"Do Not Care About What You Think"
January 1, 2014
This can be radical to the way we have been taught to be in the world; to not care about thoughts in a world where what we “think” is given so much importance. If someone were to come up to you and say “I don’t care what you think” you might become offended as if it is a personal attack and yet … you are not what you “think” and we are going to take a look at how this is possible.
Let’s use the thought “I am wonderful.” First, do you have any idea where it came from? If you do not know where it came from then how can you take it personal if someone else doesn’t “care” about it. You cannot be the thought “I am wonderful” if you didn’t create it, but was only aware of it. Now, if you can slow down enough to put the attention onto what is “Aware” of the thought “I am wonderful” you can you begin to see something here that you didn’t before. You can see that if you are Aware of the thought, you cannot actually be the thought.
You may now see that you are not the thought “I am wonderful” and since you aren’t sure where it came from … let’s come from the Awareness of the thought and look at the thought itself “I am wonderful.” Who is the “I?” If one is not the thought, but one is Aware of the thought, who is the “I” referring too?
The more this is looked at … the less power the thought “I” has in making you believe that you are what can be thought. If the thought “I” is seen as false then the word “Who” becomes revealing. The thought “who?” does not need you to care about it; the thought “I” does. “Who?” clears the thoughts to the revealing of what is Aware of the thoughts. “I” creates a sense of an individual and separateness from what is Aware of the thought “I.”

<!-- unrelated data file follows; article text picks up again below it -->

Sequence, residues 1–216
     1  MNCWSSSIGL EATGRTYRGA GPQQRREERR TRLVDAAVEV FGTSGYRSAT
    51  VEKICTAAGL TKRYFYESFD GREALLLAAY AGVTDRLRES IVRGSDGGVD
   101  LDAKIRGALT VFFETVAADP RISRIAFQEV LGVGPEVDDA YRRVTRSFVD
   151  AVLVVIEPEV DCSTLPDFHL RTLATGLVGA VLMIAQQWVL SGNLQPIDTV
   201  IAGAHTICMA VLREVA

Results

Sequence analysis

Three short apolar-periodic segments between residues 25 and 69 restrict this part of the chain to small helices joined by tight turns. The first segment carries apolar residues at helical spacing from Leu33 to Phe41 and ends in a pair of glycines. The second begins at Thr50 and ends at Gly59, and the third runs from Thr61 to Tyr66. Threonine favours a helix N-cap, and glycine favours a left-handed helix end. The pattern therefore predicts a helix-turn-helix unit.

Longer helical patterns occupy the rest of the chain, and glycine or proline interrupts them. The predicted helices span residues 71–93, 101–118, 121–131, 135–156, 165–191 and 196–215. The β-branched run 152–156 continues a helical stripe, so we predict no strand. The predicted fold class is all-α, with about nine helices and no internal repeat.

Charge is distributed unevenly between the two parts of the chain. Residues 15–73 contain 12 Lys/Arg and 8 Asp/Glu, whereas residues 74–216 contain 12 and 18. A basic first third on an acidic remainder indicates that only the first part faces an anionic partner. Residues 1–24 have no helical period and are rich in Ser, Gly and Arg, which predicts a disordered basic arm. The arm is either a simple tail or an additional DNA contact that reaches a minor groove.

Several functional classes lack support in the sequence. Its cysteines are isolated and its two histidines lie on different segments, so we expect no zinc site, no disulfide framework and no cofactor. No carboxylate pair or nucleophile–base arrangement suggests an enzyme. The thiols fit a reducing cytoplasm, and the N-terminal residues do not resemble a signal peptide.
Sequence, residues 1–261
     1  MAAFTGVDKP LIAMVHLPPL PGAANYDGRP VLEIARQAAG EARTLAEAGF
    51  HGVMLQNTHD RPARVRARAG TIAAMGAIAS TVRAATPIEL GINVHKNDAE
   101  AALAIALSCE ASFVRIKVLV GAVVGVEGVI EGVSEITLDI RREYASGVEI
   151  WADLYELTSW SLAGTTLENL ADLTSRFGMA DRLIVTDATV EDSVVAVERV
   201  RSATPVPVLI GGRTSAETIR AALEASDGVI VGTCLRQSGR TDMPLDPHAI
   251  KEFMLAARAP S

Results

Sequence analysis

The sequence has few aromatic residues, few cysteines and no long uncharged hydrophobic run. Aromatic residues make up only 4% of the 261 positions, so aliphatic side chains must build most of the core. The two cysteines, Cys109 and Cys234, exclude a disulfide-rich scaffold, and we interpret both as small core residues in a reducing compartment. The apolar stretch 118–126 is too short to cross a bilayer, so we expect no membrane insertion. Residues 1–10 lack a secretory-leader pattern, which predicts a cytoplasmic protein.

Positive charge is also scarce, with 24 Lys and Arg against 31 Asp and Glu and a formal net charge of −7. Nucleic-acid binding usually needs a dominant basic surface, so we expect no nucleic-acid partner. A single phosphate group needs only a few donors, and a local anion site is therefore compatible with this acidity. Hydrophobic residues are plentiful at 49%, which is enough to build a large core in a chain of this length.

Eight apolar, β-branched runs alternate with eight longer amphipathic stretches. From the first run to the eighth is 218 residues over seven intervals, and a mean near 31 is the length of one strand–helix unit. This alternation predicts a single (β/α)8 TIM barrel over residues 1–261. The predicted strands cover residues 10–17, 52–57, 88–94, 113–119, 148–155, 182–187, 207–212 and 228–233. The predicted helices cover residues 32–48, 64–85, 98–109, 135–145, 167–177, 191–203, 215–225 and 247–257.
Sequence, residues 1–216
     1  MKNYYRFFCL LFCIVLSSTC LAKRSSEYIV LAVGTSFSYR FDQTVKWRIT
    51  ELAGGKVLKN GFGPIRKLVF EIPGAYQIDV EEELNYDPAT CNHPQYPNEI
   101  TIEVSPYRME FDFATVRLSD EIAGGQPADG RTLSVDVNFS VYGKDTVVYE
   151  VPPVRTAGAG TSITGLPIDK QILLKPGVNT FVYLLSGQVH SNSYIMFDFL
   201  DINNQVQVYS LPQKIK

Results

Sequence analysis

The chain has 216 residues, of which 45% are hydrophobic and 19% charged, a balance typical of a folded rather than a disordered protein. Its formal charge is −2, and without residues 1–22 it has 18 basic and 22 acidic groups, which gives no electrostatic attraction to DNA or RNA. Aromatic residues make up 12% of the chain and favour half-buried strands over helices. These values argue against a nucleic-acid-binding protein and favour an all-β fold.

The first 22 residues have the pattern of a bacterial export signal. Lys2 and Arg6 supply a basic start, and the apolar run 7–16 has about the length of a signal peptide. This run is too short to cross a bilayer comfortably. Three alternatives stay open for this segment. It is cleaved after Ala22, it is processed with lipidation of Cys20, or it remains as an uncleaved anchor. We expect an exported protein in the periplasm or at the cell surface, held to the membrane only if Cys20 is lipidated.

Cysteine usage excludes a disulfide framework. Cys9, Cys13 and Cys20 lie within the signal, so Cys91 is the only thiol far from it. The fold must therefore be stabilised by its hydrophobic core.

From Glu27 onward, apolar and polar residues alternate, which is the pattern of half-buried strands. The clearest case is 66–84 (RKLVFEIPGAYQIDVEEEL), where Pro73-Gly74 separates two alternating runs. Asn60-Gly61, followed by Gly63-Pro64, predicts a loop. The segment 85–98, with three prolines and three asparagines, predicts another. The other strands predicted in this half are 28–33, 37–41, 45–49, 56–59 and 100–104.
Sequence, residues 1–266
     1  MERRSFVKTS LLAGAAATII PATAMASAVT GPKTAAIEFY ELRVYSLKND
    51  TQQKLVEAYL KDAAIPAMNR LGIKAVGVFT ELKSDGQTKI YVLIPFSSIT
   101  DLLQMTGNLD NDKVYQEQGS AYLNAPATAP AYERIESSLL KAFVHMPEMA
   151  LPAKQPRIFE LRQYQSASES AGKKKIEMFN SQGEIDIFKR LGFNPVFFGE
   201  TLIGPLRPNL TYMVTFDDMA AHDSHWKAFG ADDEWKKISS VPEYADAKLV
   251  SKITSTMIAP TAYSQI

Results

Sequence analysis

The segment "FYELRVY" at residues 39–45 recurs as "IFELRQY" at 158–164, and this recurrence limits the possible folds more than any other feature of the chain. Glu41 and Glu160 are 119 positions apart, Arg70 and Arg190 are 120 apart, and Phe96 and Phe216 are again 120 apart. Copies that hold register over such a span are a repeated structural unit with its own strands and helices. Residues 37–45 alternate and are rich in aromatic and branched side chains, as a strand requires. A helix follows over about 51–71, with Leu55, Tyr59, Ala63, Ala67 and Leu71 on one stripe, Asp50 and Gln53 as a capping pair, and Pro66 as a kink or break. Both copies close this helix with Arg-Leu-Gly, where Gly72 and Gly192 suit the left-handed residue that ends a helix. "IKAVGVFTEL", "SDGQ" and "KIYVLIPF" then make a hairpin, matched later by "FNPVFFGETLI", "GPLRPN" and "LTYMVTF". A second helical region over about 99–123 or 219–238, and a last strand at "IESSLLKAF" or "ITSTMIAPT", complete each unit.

All thoughts that come can either be clung to by keeping the “I” thought as real or dissipated by replacing “I” with “Who?” which clears all thoughts and leaves only the Awareness of what is actually happening.
For today, do not care about what is thought. Watch them come and watch them go. When you see a thought that says “I am so wonderful” question “who” to that “I” not expecting an answer, just as a referencing back onto the thought itself. “Who is so wonderful?” “I am.” “Who am I?” Let the circle be there, the circle leads one to discover that it cannot be understood; it has to be left alone. This is where the watching/Witnessing comes in, you simply watch all of the thoughts come and go and if you are believing a thought is real, question it with “who?” To whom do these thoughts come? The impetus at first will always be to say “I/me” but you are not a thought “I/me” so use it as another opportunity to drop the thought “I/me” and be empty in “who?” Eventually, it will apparent and when someone says to you, “I don’t care what you think,” you will agree. :o)